City looks to swat mosquitosPublished 12:05am Saturday, September 1, 2012
NATCHEZ — The Natchez Board of Aldermen has requested a proposal for a Brandon disease control company to handle mosquito control in the city.
The aldermen requested a proposal for a basic mosquito plan to a fully integrated year-round program from Brett Killingsworth of Vector Disease Control International.
Killingsworth made a presentation to the aldermen during the finance session before their regular meeting Tuesday.
The city’s options, Killingsworth said, include a surveillance package, which would entail the company setting traps weekly for six months to determine what species of mosquitoes are in the city, if they carry West Nile and where they are concentrated.
The trapping and testing, Killingsworth said, would cost the city approximately $30,000 and allow the company to advise the city on where Natchez Public Works should concentrate spraying for mosquitoes and what chemicals to use.
The city could also contract the company to spray for mosquitoes, Killingsworth said.
A fully integrated program, which Killingsworth said Greenville, Jackson, Tunica and other cities have, would involve the company setting up shop in Natchez and essentially becoming part of public works.
The company would rent an office in the city, handle all calls from residents and test and spray for mosquitoes.
The program would also include two or three air treatments by the company’s plane.
Killingsworth said the company’s plane sprays all its contracted cities for the July 4 holiday and could also spray before events such as the Great Mississippi River Balloon Race.
Greenville pays approximately $250,000 each year for the fully integrated program, which it has had for six years, Killingsworth said.
Ward 2 Alderman Rickey Gray asked Killingsworth how many cases of West Nile Greenville has had since the company began the city’s program.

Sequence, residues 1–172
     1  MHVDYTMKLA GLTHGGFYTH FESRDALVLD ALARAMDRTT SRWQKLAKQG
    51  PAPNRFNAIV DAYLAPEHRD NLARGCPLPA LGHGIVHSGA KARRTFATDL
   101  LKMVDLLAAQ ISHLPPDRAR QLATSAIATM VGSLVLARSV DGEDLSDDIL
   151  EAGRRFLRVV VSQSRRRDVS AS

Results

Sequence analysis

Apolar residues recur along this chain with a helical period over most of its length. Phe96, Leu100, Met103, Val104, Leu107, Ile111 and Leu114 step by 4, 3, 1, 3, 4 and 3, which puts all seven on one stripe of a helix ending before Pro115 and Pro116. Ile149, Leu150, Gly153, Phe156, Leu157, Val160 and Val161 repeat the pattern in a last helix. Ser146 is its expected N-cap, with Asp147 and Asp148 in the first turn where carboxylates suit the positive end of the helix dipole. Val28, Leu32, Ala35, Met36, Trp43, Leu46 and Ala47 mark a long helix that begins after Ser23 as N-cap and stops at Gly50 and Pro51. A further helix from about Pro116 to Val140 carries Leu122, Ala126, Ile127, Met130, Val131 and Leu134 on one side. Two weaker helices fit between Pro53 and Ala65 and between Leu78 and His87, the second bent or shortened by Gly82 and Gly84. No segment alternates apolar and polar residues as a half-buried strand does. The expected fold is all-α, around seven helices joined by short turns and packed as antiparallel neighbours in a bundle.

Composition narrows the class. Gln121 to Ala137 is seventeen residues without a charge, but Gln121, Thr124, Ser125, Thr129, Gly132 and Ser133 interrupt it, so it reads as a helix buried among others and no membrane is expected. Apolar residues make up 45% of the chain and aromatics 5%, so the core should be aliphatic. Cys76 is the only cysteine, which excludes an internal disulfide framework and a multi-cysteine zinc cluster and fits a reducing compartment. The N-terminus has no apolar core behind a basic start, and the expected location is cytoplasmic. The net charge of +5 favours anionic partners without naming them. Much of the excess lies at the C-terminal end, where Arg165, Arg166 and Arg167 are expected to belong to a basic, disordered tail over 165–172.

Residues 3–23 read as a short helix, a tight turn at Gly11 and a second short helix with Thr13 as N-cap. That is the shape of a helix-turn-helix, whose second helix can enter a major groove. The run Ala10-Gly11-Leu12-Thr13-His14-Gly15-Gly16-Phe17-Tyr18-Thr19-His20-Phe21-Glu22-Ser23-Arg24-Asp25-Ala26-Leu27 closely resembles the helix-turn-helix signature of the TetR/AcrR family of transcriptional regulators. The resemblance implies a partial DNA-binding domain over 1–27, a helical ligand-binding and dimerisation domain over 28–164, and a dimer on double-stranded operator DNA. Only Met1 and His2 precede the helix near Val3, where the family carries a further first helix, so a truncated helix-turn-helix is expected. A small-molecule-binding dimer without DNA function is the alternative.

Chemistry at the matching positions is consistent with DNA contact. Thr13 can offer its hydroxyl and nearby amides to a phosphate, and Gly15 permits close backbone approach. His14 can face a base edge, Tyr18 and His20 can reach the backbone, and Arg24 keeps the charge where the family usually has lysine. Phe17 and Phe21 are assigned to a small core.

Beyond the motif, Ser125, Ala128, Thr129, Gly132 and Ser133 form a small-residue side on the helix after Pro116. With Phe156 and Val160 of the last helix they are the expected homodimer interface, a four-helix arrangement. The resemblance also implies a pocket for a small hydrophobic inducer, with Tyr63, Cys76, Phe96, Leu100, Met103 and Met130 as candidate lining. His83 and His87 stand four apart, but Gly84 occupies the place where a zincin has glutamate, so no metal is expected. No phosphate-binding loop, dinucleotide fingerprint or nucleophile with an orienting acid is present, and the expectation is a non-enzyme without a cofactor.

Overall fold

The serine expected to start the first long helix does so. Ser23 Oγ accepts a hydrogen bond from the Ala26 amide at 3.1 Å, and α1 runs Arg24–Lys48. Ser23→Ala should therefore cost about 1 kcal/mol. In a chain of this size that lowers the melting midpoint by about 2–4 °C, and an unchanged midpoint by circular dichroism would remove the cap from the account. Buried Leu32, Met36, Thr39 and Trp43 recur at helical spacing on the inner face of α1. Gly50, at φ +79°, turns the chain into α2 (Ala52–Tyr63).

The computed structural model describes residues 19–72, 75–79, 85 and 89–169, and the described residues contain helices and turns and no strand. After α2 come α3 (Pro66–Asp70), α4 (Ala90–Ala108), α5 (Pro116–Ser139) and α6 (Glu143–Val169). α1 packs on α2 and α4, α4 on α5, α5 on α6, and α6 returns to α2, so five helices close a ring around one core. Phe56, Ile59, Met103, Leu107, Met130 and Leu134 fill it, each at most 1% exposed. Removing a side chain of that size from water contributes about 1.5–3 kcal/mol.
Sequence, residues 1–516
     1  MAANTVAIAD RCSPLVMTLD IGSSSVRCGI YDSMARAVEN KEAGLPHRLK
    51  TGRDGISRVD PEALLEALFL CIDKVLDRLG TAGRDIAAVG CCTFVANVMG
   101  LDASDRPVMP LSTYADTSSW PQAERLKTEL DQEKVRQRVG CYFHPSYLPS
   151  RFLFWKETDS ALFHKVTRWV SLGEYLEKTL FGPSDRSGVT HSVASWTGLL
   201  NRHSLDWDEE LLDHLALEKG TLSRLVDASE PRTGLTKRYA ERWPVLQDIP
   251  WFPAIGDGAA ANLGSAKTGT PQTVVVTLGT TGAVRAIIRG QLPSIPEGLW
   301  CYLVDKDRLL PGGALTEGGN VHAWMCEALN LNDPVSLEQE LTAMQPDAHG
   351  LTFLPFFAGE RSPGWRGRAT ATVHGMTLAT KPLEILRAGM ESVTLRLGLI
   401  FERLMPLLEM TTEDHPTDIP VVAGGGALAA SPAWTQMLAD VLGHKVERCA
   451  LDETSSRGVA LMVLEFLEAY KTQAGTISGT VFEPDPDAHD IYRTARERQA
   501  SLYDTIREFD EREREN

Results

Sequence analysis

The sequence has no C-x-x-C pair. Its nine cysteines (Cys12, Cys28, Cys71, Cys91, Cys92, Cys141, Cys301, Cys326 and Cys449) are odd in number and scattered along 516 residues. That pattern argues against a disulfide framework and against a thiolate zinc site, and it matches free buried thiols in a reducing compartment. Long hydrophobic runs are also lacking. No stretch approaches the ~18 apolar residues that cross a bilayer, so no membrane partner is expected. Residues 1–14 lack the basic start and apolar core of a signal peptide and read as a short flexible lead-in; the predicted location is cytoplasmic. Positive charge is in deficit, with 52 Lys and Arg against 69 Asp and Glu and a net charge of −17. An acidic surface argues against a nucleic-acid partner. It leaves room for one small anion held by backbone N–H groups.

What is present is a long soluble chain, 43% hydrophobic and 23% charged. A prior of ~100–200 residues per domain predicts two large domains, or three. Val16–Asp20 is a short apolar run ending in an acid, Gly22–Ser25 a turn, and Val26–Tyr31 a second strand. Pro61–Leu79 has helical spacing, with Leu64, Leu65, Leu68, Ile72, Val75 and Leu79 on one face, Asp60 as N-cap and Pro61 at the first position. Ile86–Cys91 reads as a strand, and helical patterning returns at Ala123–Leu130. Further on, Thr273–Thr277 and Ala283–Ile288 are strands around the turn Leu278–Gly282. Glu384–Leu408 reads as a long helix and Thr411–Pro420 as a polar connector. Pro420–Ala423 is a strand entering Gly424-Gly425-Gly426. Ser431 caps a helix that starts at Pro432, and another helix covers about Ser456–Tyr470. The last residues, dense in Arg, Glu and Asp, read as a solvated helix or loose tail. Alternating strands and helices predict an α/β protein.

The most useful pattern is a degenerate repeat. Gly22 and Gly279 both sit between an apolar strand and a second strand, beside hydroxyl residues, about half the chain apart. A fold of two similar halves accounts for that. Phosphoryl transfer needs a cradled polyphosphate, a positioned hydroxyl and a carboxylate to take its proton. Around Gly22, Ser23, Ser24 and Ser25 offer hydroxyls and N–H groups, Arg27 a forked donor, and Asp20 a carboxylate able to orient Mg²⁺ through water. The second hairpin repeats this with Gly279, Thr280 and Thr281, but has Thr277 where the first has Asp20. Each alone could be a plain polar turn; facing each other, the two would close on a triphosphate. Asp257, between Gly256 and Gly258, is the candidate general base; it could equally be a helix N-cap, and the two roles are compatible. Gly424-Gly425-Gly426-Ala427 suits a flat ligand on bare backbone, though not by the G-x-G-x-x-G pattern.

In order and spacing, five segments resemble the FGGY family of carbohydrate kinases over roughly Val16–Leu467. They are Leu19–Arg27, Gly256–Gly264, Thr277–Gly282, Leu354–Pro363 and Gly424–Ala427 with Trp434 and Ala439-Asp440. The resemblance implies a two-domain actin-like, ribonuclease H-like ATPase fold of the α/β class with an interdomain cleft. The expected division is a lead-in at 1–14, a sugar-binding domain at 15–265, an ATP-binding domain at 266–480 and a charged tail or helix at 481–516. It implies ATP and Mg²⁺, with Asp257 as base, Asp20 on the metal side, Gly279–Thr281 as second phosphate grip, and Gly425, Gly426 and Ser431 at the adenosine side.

Killingsworth said Greenville has had only one case of West Nile since the city began the program five or six years ago.
According to the Mississippi Department of Health’s website’s yearly reports, Adams County has had one case of West Nile so far this year.
Adams County had not had any cases of West Nile since 2007, when there were five cases reported, according to MDH’s website.
The company, Killingsworth said, cannot guarantee a complete eradication of mosquitoes.
“But we will guarantee an 80-percent knockdown,” he said.
Mayor Butch Brown said he and Public Works Supervisor Justin Dollar met with Killingsworth prior to the aldermen meeting to discuss public works’ capabilities as far as spraying for mosquitoes.
Brown asked Killingsworth to submit a proposal to the city of the company’s most basic plan to the fully integrated program.
Ward 6 Alderman Dan Dillard pointed out that the city has money set aside for insect control.
Killingsworth said, when asked by Brown, that the Federal Emergency Management Agency provides some type of grants or reimbursement for mosquito control when dealing with West Nile.
Ward 5 Mark Fortenbery suggested the city talk to the county about partnering for a mosquito control program.